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View of the square from Santa Caterina
|Location||Palermo, Sicily, Italy|
Piazza Pretoria, also known as square of Shame, is at the limits of the district of Kalsa, near the corner of Cassaro with Via Maqueda, just a few meters from the Quattro Canti, the exact center of the historic city of Palermo .
To make way for the monumental achievement, designed for an open place, several homes were demolished and the fountain was re-adapted to the site with the addition of new parts. In 1581 the works of accommodation of the fountain on the square.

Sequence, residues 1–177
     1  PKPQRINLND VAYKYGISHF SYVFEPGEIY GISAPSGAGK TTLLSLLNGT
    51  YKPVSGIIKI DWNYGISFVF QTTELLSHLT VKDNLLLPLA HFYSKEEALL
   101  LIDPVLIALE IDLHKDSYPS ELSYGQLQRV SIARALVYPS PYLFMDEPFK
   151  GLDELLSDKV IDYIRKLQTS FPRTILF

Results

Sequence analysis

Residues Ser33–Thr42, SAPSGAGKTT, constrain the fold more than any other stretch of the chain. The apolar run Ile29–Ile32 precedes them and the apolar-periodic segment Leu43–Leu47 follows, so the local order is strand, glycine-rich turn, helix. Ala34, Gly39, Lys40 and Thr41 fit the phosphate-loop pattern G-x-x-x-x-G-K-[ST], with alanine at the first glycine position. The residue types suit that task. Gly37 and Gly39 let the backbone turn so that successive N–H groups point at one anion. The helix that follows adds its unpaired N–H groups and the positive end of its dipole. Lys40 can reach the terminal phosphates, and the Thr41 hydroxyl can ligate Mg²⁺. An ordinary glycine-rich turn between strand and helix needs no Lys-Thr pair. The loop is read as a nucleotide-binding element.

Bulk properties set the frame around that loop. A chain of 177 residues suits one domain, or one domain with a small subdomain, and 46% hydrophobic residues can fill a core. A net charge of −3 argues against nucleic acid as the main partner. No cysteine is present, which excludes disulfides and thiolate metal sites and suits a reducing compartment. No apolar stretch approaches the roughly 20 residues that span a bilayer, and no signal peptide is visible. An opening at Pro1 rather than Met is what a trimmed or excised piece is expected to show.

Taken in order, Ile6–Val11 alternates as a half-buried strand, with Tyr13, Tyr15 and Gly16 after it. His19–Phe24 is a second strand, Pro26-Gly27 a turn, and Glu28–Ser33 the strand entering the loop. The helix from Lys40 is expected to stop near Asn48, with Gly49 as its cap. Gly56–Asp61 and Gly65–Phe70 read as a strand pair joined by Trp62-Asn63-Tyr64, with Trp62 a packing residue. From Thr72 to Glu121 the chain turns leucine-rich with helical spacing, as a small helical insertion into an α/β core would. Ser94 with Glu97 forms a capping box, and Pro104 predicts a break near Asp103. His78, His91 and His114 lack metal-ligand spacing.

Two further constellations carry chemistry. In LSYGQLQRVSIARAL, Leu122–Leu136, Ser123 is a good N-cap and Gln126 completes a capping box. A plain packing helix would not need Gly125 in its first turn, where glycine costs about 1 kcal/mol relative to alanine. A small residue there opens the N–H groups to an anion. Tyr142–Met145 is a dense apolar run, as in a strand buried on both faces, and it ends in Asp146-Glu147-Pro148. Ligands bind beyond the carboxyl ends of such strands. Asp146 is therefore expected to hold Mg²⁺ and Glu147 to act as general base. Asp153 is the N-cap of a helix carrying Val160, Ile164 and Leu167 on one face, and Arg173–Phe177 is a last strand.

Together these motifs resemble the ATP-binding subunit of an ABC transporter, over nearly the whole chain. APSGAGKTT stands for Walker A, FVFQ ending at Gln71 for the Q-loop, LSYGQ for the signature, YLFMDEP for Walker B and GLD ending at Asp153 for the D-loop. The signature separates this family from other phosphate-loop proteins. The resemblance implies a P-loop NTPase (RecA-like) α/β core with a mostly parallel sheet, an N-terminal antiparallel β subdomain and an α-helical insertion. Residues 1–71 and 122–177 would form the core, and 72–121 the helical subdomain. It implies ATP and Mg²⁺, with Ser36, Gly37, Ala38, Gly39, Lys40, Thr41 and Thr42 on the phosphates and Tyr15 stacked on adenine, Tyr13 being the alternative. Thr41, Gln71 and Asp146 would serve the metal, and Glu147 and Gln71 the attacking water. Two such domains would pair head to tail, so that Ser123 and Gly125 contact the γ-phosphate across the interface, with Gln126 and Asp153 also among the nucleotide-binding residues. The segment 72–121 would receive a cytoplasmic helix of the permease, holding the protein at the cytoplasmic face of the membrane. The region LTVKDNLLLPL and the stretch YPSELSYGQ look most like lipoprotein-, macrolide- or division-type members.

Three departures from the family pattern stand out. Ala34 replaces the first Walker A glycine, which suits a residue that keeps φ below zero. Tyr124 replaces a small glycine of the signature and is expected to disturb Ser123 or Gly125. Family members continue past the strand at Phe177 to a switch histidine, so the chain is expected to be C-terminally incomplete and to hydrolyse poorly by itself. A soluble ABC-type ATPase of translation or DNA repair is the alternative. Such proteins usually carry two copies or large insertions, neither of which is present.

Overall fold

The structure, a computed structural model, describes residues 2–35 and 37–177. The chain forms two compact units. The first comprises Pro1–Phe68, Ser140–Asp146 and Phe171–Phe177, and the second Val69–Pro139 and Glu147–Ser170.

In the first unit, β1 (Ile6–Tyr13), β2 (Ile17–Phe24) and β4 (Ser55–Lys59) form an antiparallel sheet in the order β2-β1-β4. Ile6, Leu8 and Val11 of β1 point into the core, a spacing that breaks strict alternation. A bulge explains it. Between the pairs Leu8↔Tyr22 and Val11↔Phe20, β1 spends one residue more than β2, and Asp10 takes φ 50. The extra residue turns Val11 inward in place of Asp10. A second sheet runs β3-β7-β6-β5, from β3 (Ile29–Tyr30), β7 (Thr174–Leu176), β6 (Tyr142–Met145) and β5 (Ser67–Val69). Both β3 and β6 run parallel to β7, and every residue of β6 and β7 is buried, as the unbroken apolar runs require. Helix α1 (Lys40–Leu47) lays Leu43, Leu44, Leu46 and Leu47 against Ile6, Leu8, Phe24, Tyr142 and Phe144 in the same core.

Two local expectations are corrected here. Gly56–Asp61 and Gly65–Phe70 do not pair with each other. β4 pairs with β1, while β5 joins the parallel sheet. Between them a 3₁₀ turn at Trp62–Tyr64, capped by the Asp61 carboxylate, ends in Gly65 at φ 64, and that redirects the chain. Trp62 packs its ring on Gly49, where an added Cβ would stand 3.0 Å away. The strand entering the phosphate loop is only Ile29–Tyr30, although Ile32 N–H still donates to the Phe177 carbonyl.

The large central fountain is the focal point for sixteen nude statues of nymphs, humans, mermaids and satyrs. Since eighteenth century in 1860, the fountain was considered the representation of corrupt municipalities, and Palermo nicknamed the square with the nudity of the statues, the Square of Shame (Piazza della vergogna.) This may have also been reflecting the prevailing influence of the Spanish Inquisition during that time.
At the center of the square is the Fontana Pretoria (1554), by Francesco Camilliani, occupying a large part of the extension that strongly characterizes the Plan Praetorian. Three of the four sides are enclosed by buildings: the Praetorian Palace (the town hall) built in fourteenth century and renovated in nineteenth century, the Church of St. Catherine (end of sixteenth century), and two baronial palaces: Palazzo Bonocore and Palazzo Bordonaro. The fourth side of the square with a staircase descends to Via Maqueda.
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